Outdoor photography means more than simply taking a picture, it’s capturing a moment in time, a moment that we can savor and share with friends and family for years.  Today’s digital cameras have made it possible for just about anyone to take professional quality photos. But the technology of a good camera is not enough for truly great photographs. The key to taking outstanding photographs is the detail of composition like lighting, angle of the shot, pose of the subjects, and the background. Here are few techniques that will not only help your fish or big buck look bigger and better, but they will increase the overall quality of your photographs.



Have you ever looked at a stunning picture and were amazed at the large size of the animal or fish? I’m not saying that they weren’t posing with a trophy, it’s just that because of the angle and pose, you could have perceived the animal or fish to be larger than it really is. Our perception of size in any photograph is based on a point or object of reference- something that our mind uses as a comparison when trying to process the size of the fish or animal. For example, it’s hard to tell how big fish are when they are in a pile on the ground because there is no point of reference, or nothing to compare them to. By placing another object, like a pop can next to them, we now have a much better idea of how big they are. When a person is in the shot, the object of reference is usually the head or body.

Now that we have the basic principle established, let’s apply it.


The simplest way to make your fish look bigger in photos is to simply hold
the fish away from your body and closer to the camera.

By doing this, your object of reference (the subjects head and body) is now much smaller thus making the fish look bigger. Another tip is to change the angle of the shot by elevating yourself (and fish) above the camera. You can do this by standing up on the bow of the bass-photo-240x160boat, or have the photographer kneel down. This also has the same effect, making your fish look much bigger.



The same principle for photographing fish holds true for big game like deer and elk. Have the subject kneel down well behind the animal. The subject will look smaller and the animal will look much bigger. Also, when taking the photo get as close to the ground as possible. Try this simple technique after your next hunt. Take a photo of the subject and animal while you are standing, then kneel or lie down on the ground and take another shot. You will see a huge difference.


These simple techniques will also improve the quality of your photos:

– Always use the flash, especially on sunny days. The flash lights the entire subject evenly and eliminates dark shadows.

– The primary focus is usually on the subject, so it’s very easy to not notice the background. Be mindful of the background and surroundings, make sure there are no gut piles or garbage lying on the ground. Also make sure there are no branches or fishing poles “growing” out of your subject’s head.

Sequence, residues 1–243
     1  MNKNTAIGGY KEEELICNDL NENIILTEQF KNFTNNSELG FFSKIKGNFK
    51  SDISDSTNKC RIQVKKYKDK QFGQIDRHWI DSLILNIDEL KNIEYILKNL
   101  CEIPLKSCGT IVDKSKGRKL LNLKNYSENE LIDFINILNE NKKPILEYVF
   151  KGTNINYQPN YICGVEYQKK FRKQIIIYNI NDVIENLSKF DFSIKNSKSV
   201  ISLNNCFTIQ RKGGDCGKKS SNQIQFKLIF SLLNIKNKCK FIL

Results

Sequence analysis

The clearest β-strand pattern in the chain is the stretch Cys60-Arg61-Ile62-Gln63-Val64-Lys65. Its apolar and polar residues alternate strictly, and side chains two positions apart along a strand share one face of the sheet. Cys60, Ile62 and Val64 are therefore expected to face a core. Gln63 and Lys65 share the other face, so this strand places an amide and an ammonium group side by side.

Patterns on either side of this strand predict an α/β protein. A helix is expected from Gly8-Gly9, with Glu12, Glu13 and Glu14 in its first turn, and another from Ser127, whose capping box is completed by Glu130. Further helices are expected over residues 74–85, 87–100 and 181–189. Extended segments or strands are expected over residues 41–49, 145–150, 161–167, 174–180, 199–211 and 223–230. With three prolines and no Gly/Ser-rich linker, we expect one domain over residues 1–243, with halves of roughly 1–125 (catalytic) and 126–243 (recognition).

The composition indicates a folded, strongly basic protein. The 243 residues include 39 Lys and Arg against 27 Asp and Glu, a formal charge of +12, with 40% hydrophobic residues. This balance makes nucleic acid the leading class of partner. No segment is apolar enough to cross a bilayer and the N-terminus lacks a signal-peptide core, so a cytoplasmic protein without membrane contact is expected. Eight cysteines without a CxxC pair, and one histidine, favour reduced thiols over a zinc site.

– Try and reduce the gore factor. Wipe away any excess blood, and put the animals tongue back in its mouth if it’s hanging out.

– If possible, take pictures of fish immediately after they are caught.  They quickly lose their natural colors after being placed in a livewell or cooler. And it’s very difficult to make a dead curled fish look good, no matter how good you are.

– Don’t take just one shot. Take a bunch and from different angles. With digital cameras, you have the ability to simply delete the bad shots. With more shots to choose from, you should get one keeper.

– Move the subject off center, especially if the background is impressive. Center and focus on the subject first (on most cameras, push the button half way down), then move the camera to the right or left and take the shot (push all the way down).

– Have your subject try different poses and change your angle and direction of shot. Take some candid shots of your subject when they are not looking at the camera. It’s a nice change from the standard “trophy pose”.

– Be mindful of the light. Don’t face directly into the sun so your subject is squinting or their eyes are closed. By having your subject face the camera with their back to the sun, you can create a more dramatic effect with a backlit subject. Again, use the flash to eliminate shadows.

Most of today’s digital cameras can be extremely simple to operate, but also offer advanced settings if you are willing to learn them. The best way to get better is to try these techniques, play around with the settings on your own camera and find out what works the best for you. Either way, you can start creating great photos to complement great memories.





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